Among the reasons for conferring the honor, Rector Francisco Delich cited Shin’ichi’s efforts in establishing and spreading a “new humanism,” thereby showing that it is possible for the countries of Asia and the West to come together in harmony. The rector said: “He has taught us that the human race can overcome conflict arising from cultural and religious differences, and that we can forge friendships transcending geography, distance, and time. This great universal message of peace and friendship transcends all national borders, as well as the borders in our minds created by ignorance that limit us. It unites all humanity as one.”
The general meeting also featured several performances, including Argentinian folk songs and dances, to welcome Shin’ichi to Argentina. Accompanied by strumming guitars and stamping feet, the songs and dances created a bright, exuberant atmosphere. The members expressed with their whole beings their joy in realizing at last this long-awaited meeting with Shin’ichi, 29 years after the Argentine organization first became a chapter.
Before and after the meeting, Shin’ichi took photographs with event staff and various groups, continuing to encourage everyone. The young people and children he met and encouraged on this visit would grow to become leaders of their country in the 21st century.
Encouragement is the driving force for growth and development.
Shin’ichi Yamamoto’s journey for peace continued.
On February 20, 1993, Shin’ichi left Argentina for Paraguay, the next stop in his travels to open fresh horizons for kosen-rufu. It was his first visit to the South American country, which he found to be a beautiful land of forests and water, home to the vast Paraguay River and many other rivers that nourished the fields and people’s lives.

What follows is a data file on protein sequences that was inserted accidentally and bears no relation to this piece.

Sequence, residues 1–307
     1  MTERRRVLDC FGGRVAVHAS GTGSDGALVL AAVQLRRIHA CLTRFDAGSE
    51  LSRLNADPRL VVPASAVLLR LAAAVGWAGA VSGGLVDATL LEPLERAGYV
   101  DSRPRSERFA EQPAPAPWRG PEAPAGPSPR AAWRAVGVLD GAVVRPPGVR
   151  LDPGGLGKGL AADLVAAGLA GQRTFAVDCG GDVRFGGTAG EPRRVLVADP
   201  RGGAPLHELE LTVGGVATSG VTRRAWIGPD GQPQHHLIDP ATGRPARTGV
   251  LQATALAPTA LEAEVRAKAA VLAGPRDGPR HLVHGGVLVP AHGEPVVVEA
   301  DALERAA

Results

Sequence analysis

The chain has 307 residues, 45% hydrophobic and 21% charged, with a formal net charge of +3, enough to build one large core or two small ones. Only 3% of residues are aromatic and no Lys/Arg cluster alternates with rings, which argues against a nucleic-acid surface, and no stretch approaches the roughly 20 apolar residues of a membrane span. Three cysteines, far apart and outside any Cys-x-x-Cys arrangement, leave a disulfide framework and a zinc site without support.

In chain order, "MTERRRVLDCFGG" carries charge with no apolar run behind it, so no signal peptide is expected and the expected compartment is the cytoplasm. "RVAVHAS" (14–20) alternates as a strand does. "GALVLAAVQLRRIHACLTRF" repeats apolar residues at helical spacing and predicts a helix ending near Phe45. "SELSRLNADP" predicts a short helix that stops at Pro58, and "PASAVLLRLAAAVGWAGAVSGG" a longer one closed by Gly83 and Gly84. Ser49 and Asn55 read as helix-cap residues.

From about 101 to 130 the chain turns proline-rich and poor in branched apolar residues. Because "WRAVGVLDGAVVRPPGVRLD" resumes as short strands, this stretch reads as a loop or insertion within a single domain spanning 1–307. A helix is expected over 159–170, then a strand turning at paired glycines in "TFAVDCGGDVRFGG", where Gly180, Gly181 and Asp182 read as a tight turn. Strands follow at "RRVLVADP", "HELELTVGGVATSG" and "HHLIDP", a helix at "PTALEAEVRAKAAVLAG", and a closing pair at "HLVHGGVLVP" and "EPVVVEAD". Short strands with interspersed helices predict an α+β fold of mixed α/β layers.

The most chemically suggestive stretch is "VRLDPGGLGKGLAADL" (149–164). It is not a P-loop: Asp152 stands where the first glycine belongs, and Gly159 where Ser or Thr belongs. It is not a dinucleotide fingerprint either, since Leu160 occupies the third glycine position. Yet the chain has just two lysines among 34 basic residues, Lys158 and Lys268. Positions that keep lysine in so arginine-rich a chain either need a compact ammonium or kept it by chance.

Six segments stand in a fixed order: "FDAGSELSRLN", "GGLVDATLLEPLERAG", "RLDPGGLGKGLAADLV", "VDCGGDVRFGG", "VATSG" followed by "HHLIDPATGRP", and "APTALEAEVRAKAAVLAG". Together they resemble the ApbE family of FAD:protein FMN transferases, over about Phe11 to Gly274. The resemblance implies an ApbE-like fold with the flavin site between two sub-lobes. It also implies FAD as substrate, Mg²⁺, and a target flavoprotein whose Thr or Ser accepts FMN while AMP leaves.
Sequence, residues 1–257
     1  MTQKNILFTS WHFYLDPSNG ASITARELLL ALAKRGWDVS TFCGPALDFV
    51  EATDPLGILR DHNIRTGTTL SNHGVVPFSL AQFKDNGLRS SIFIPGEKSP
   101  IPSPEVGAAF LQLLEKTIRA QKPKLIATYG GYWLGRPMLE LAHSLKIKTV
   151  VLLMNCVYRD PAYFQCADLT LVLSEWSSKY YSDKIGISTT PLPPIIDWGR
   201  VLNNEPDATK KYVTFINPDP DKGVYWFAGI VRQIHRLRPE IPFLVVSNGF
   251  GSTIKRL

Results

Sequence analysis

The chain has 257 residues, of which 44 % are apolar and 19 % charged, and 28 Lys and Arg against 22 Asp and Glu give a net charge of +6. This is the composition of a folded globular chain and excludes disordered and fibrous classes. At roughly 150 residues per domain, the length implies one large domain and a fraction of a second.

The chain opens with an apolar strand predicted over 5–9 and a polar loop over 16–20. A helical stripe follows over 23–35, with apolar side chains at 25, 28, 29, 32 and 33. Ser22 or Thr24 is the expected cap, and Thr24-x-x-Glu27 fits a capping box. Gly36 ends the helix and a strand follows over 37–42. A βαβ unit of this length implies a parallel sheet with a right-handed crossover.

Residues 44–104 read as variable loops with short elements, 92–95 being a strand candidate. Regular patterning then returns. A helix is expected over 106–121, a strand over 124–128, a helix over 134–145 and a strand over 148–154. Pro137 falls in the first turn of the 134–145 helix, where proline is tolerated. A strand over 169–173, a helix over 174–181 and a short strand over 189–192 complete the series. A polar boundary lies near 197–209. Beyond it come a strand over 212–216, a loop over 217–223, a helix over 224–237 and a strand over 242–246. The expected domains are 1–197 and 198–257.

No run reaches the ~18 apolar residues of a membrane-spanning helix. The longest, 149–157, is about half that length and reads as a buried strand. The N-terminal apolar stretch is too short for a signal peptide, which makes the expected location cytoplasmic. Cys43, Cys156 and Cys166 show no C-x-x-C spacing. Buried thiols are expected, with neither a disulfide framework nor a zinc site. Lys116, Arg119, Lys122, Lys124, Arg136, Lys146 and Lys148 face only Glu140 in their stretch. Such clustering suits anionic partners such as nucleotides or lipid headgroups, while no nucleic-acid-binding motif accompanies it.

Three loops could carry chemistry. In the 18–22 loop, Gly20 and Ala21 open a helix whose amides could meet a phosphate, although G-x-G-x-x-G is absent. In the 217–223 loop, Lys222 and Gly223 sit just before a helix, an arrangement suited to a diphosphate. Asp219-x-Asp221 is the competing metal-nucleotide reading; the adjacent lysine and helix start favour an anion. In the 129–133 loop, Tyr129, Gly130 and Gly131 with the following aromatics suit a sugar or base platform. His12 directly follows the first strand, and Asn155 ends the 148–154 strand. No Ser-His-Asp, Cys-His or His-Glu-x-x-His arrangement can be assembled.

The mayor of Asunción, Paraguay’s capital city, welcomed Shin’ichi at the airport, presenting him with a plaque inscribed with the city’s emblem.
The next day, February 21, Shin’ichi attended the 1st SGI-Paraguay General Meeting along with 700 members who gathered at the SGI-Paraguay Culture Center, and a “Friendship Evening” commemorating the 32nd anniversary of the kosen-rufu movement in Paraguay. Here, too, Shin’ichi began by first encouraging the children.
“I am so happy to see you all,” he said. “When you’re older, please come to Japan. I’ll be waiting for you!”
At the general meeting, Shin’ichi mentioned the names of the pioneer members and praised their efforts. He also read aloud the names of local organizations: Amambay District,1 followed by each of the country’s chapters—Santa Rosa, Encarnación, Yguazú, Asunción—and thanked their members for their hard work.
The kosen-rufu movement in Paraguay began with Japanese immigrants, who faced indescribable hardships in their new country.
Though the members of SGI-Paraguay were few in number, all of them, starting with the immigrants from Japan, had made diligent efforts over the years to create deep-rooted ties of trust with people throughout society.